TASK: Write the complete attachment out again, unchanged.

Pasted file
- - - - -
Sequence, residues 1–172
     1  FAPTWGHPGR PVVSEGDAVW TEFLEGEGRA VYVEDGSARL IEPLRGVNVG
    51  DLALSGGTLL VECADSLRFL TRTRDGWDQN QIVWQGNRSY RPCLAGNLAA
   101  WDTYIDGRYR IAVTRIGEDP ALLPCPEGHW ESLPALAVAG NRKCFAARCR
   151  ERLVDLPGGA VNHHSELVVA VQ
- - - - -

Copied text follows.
Sequence, residues 1–172
     1  FAPTWGHPGR PVVSEGDAVW TEFLEGEGRA VYVEDGSARL IEPLRGVNVG
    51  DLALSGGTLL VECADSLRFL TRTRDGWDQN QIVWQGNRSY RPCLAGNLAA
   101  WDTYIDGRYR IAVTRIGEDP ALLPCPEGHW ESLPALAVAG NRKCFAARCR
   151  ERLVDLPGGA VNHHSELVVA VQ